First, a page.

Amid COVID-19 Outbreak, Vietnam Continues to Stifle Local Dissent, Arresting Third Activist within Two Weeks

Mr. Tran Duc Thach (fourth from the right, standing row) at the cyber training organized by RSF and DTD


Defend the Defenders, April 23, 2020


While the whole country is focusing on dealing with the COVID-19 outbreak, Vietnam’s communist regime does not forget to cement its political monopoly by intensifying its crackdown on local dissent, arresting the third activist within two weeks.

This time, its prey is former prisoner of conscience Tran Duc Thach, 68, from the central province of Nghe An, the home of late communist leader Ho Chi Minh. Thach is a founding member of the unregistered group Brotherhood for Democracy.

On April 23, security forces arrested Mr. Thach on allegation of conducting “Activities against the people’s government” under Article 109 of the country’s Criminal Code, with the highest punishment of 20 years in prison or even death penalty. Police conducted searching for his house, confiscating a laptop, cell phones, a camera as well as VND9 million ($380) and $400, according to his family.

According to the state-controlled media, Mr. Thach has been continuously posting and sharing numerous articles on Facebook with content to distort the regime’s policies with the aim to trigger social disorders amid the COVID-19 pandemic.”

He was arrested for the first time in 2009 and sentenced to three years in jail and three years of probation on a charge of “conducting anti-state propaganda” under Article 88 of the same Penal Code for claiming Vietnam’s Hoang Sa (Paracels) and Truong Sa (Spratlys), the two archipelagos also claimed by China, and demanding human rights improvement in the communist nation. Particularly, Thach, together with activists Vu Van Hung and Nguyen Xuan Nghia hang out a banner which states “Hoang Sa and Truong Sa belong to Vietnam” at Mai Dich Bridge in the capital city of Hanoi. His fellows were also jailed with lengthy sentences.

After leaving the army in 1975, Thach wrote a memoir named “Obsessive mass grave” to describe how communist soldiers assaulted innocent civil people while invading South Vietnam during the Vietnam War in which the communist soldiers with the support of China and the Soviet Unions as well as the communist bloc in Eastern Europe defeated South Vietnam backed by the US and its allies and unified the country in 1975. In 1976, he self-immolated to protest unfair policies of authorities in Nghe An province and Dien Chau district. Due to the act, his face was deformed.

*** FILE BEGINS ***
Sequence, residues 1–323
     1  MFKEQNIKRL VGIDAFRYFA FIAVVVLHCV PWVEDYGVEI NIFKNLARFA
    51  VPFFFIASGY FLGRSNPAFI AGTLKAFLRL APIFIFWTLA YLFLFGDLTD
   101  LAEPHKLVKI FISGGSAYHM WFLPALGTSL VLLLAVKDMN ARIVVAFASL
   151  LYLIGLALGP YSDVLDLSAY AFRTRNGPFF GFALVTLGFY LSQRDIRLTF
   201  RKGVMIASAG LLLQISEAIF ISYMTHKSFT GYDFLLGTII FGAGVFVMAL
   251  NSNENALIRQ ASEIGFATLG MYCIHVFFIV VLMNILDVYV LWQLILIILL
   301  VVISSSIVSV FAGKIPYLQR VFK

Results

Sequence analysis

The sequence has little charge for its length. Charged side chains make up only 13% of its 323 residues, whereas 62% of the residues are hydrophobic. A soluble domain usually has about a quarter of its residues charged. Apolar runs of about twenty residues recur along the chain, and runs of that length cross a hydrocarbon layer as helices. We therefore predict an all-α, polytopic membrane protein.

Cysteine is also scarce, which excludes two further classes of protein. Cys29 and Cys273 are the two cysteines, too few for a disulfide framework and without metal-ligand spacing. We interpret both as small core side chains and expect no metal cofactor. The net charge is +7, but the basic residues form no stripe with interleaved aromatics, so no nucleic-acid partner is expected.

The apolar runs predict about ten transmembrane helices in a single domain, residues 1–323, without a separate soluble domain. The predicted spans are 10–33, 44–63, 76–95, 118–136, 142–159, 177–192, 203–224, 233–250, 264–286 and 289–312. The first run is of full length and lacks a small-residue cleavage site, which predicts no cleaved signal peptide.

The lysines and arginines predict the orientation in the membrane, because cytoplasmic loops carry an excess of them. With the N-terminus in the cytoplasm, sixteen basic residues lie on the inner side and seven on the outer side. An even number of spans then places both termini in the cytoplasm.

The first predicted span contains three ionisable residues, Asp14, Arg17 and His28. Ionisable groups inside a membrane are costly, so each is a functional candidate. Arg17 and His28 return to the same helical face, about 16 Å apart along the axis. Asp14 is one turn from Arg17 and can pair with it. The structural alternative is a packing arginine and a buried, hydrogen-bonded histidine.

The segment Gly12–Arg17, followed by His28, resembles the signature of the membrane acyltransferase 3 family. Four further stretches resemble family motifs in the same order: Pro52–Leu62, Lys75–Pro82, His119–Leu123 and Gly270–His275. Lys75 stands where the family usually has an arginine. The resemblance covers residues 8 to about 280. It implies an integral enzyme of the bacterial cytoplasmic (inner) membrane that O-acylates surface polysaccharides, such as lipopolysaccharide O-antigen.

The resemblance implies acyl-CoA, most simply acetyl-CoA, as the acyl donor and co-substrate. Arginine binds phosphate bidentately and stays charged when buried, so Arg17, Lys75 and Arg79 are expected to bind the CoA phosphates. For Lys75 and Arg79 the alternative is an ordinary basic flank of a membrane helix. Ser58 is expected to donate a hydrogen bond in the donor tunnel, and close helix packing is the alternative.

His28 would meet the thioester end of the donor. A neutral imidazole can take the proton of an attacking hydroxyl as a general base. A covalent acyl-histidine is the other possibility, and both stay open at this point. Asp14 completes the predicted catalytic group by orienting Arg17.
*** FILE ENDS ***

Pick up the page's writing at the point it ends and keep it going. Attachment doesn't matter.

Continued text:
The arrest of Thach was made three days after the communist regime rejected the appeal of human rights activist and environmental campaigner Nguyen Nang Tinh, upholding his sentence of 11 years in prison and five years of probation. Both Thach and Tinh are strongly protesting China’s invasions of Vietnam’s sovereignty in the East Sea.

Last week, China sent a diplomatic note to the UN Secretary-General to reaffirm its illegal claim of nearly entire East Sea, including the two archipelagos Paracels and Spratlys that Vietnam has controlled since the 18th century, and demand Vietnam to withdraw its crews and facilities in the resource-rich sea which is also very important for international trade.

Thach is the third activist being arrested within two weeks. On April 10, authorities in Can Tho arrested Ma Phung Ngoc Phu on allegation of “abusing democratic freedom” and eight days later, Dinh Thi Thu Thuy from Hau Giang province was detained and charged with “conducting anti-state propaganda,” both were arrested for their online posts which are considered harmful for the regime. The arrests were made after the call of UN High Commissioner for Human Rights Michelle Bachelet to release prisoners of conscience in a bid to protect their health amid increasing COVID-19 pandemic.

On April 20, the Higher People’s Court in Hanoi upheld the sentence of 11 years in prison and five years of probation against human rights activist Nguyen Nang Tinh, who is also strongly protesting China’s expansionism in the East Sea.

Vietnam’s communist regime has intensified its crackdown on local dissent from late 2015 when the ruling Communist Party of Vietnam prepared for its 12th National Congress. More than 100 activists have been arrested and charged with controversial allegations in the National Security provisions of the Penal Code or the Criminal Code, many of them were sentenced to lengthy imprisonments of between five and 20 years.

BFD is the group that suffered the most from the ongoing persecution campaign of the communist regime. Its nine key members were sentenced to between seven and 15 years in prison, and only two of them, human rights attorney Nguyen Van Dai and his assistant Le Thu Ha were freed but forced to live in exile in Germany. It is unknown Thach’s latest arrest related to BFD. In 2017, when Vietnam’s police arrested six key members of the group, he was summoned to a police station and interrogated for days about his activities in it.

With the new arrests, Vietnam is holding at least 245 prisoners of conscience, according to Defend the Defenders’s statistics. More arrests are expected in the coming months as the ruling party is preparing for its 13th five-year congress slated in early 2021.